Musically Inclined

Photographs by Thomas Mcgovern
Above: Brioche French toast with apples, calvados and dried fruit

What is it that people love about brunch? Of course, there’s the crowd-pleasing variety inherent in the meal: Breakfast fans dig into eggs Benedict and blueberry pancakes, while the lunch team takes on cheeseburgers and Cobb salads, and everyone’s happy. So maybe it’s the balance of sweet and savory? The abundance of bacon? The permission to indulge in champagne before noon? Or the endless coffee and bottomless bloody Marys (or both)? Or the vague timing of it all, with that leisurely feeling that the meal lends to a weekend—even after you’ve finished eating, there’s still a whole day ahead? In some cases, the social vibe mixes with a sophisticated locale and an opportunity to hear live music; but if a friend mentions plans to go to a jazz brunch, I assume she’s talking about a drive-into-Manhattan excursion. However, Z Hospitality Group and Executive Chef Albert DeAngelis are bringing a city staple closer to home with the addition of live jazz music at brunch at East End on the Avenue and at Mediterraneo in White Plains and Norwalk.

Left: Blueberry buttermilk pancakes with New York state maple syrup
Right: Mushroom toast with fried egg, chili oil, and fresh mint

On a recent Sunday, a jazz duo was well into a set when we walked into Eastend and grabbed a high-top table next to the marble bar. This spot turned out to be ideal for people watching and checking out the musicians, who were stationed just beyond the hostess table, allowing the bar crowd and those seated in the main dining room to hear and see them equally well. Our table by the window overlooked the sidewalk, where the café tables were occupied by a trio of twentysomething ladies and a family of four along with their Malamute puppy. Because we went for brunch on a hot summer morning, I was expecting a light crowd, imagining that most people were either at Tod’s, out on the Sound or in Nantucket but all of the high-top tables were filled, as were most of the bar stools and a decent number of dining room tables, not to mention the outdoor seating.

After ordering mimosas, we chatted with our server about his favorite dishes and the most popular items on the menu. The well-edited menu of sixteen dishes splits into an even balance of eight breakfast-esque and eight lunch mains, plus Copp’s Island oysters for $1 each. Beyond the basic fresh squeezed juices, mimosas and bloody Marys (bottomless option available for both), the drinks menu features a Sunday Special with sparkling wine, orange juice and a Stoli O float.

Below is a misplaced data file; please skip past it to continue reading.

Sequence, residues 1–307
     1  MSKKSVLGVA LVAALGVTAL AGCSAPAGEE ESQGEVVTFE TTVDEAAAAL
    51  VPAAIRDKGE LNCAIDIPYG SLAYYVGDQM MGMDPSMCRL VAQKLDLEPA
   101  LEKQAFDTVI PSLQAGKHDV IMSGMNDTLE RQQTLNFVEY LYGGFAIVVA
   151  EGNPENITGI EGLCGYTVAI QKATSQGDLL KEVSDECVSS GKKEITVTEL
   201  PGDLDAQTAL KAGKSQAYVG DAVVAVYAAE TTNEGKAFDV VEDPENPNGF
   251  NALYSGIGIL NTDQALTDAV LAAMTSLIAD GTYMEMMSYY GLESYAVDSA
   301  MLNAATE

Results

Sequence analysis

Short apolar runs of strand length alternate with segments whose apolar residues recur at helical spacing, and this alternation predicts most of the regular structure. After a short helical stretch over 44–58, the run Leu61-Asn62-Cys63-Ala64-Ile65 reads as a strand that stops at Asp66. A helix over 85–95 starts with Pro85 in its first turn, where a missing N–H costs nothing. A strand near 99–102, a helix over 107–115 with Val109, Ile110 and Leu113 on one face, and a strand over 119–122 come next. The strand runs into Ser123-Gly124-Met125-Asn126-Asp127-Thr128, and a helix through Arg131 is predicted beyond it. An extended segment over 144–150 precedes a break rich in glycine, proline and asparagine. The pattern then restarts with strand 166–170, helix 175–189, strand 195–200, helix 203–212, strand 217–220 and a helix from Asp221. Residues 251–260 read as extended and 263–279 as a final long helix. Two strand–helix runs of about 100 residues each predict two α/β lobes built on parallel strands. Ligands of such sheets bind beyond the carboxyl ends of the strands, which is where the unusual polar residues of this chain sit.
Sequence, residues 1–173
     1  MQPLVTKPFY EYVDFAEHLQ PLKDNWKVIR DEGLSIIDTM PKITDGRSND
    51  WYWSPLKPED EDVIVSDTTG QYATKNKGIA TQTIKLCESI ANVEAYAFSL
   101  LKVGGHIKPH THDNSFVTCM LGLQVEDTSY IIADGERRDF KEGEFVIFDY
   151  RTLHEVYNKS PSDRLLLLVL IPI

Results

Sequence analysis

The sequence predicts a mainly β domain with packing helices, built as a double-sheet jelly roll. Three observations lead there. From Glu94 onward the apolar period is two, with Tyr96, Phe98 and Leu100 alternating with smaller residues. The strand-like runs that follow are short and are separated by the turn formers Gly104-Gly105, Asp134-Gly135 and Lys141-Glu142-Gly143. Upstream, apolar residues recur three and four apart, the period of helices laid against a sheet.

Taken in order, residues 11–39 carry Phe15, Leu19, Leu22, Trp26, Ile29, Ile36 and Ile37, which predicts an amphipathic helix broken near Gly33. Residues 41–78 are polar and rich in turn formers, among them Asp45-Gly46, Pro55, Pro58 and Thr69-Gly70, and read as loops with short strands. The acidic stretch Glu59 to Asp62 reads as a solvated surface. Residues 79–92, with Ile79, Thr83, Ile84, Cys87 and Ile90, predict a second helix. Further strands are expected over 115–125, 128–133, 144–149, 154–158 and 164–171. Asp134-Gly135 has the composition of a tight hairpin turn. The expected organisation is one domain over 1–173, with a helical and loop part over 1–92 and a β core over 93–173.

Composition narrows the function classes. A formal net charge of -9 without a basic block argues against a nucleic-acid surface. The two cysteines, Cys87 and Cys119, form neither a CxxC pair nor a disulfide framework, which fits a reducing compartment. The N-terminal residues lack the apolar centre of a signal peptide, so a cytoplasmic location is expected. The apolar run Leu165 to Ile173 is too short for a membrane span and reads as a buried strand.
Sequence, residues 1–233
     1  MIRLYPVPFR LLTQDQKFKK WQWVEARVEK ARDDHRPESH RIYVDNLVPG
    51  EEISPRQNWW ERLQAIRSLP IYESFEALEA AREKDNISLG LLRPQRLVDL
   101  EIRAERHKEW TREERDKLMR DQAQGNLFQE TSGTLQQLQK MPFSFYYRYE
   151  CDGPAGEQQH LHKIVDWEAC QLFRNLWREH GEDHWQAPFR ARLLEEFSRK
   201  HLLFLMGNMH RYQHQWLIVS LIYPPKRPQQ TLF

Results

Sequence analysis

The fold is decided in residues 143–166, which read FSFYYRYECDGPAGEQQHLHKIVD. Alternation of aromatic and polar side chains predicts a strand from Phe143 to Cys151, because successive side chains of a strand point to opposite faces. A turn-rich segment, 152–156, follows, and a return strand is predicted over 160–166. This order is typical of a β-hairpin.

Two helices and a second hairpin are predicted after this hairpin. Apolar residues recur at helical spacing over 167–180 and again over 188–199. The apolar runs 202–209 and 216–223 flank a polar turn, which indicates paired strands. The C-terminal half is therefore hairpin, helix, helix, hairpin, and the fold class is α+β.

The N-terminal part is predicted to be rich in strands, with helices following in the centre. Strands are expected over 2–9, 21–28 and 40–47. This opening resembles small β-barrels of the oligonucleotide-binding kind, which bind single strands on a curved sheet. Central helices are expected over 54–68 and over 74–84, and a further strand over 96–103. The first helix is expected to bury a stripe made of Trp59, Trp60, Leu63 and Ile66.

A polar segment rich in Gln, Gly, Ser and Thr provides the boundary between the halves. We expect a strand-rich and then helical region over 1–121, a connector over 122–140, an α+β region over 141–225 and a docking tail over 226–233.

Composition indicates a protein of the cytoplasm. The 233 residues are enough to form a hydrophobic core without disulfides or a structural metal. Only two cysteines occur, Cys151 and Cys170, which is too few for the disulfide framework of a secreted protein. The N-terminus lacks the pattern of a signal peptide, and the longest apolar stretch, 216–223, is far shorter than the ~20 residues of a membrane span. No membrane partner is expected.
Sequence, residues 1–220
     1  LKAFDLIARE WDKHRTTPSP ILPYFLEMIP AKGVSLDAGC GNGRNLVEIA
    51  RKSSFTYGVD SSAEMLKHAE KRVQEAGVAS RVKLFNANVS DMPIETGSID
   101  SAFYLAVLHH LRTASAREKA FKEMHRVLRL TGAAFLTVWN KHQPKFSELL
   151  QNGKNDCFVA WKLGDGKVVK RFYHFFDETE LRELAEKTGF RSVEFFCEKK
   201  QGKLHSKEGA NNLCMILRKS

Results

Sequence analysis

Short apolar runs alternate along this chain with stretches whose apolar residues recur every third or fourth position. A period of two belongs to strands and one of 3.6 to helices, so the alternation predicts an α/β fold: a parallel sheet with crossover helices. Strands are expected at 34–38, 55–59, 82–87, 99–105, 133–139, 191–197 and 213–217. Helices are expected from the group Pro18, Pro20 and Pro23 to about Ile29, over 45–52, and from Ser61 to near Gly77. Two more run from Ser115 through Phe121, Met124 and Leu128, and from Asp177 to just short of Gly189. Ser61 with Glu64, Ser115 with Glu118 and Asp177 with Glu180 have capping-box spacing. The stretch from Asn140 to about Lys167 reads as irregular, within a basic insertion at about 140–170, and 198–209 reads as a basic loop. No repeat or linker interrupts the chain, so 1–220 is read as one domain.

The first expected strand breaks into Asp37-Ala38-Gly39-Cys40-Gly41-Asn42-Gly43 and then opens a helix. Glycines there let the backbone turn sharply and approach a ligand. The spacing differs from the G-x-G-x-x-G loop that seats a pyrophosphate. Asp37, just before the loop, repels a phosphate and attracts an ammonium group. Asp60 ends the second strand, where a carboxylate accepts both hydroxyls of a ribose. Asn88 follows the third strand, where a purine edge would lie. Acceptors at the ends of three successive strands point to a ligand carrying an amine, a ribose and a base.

Left: Tagliatelle with Manila clams
Right: Avocado toast, with poached egg, queso fresco and basil

Traditionalists can opt for the blueberry buttermilk pancakes or the spinach, mushroom and goat cheese omelet, but Chef DeAngelis also has some interesting spins on standard brunch fare, including ‘crispy’ egg with pork belly and a potato, apple, onion hash and a lighter smoked salmon version of eggs Benedict with roasted cauliflower, crostini and citrus hollandaise. We had to try the avocado toast, which was very messy to eat due to the thick, crusty bread but very tasty with the addition of shaved radish slices, sunflower seeds, a little pickled onion and ribbons of basil.

It wouldn’t be brunch without some bacon on the table, and we got ours in a pork belly BLT (with both pork belly and Nodine’s bacon) with herb mayo and terrific fries served in a metal cup, each one crispy and delicious. A basic grilled cheese was elevated with a mixture of parmesan, cheddar and mozzarella and paired with a green salad, while brioche French toast gets a boost from Calvados (apple brandy), accentuating the flavor of the apples and dried fruit on the plate.

Right: Copp’s Island oysters

Though we’re certainly not jazz buffs, we enjoyed the smooth sound and chill atmosphere. Even our ten-year-old daughter got into the music; she was moving around to the beat in her seat while slowly finishing her food, prompting my husband to joke with her, “less grooving, more eating.” Whether your tastes run to sweet or savory, classical or jazz, breakfast or lunch, the new brunch option on Sundays at Eastend is well worth a try. I know I’m looking forward to more grooving and more eating.

409 Greenwich Avenue, 203-862-9200;


Artists featured will include up-and-coming New York City jazz musicians Margi Gianquinto and Albert Rivera .

As a mimosa alternative, try the Spring Spritz with Tito’s, Aperol, sparkling wine, grapefruit and lime juices.

Brunch is served Sundays, 11:30 a.m. to 3:30 p.m.



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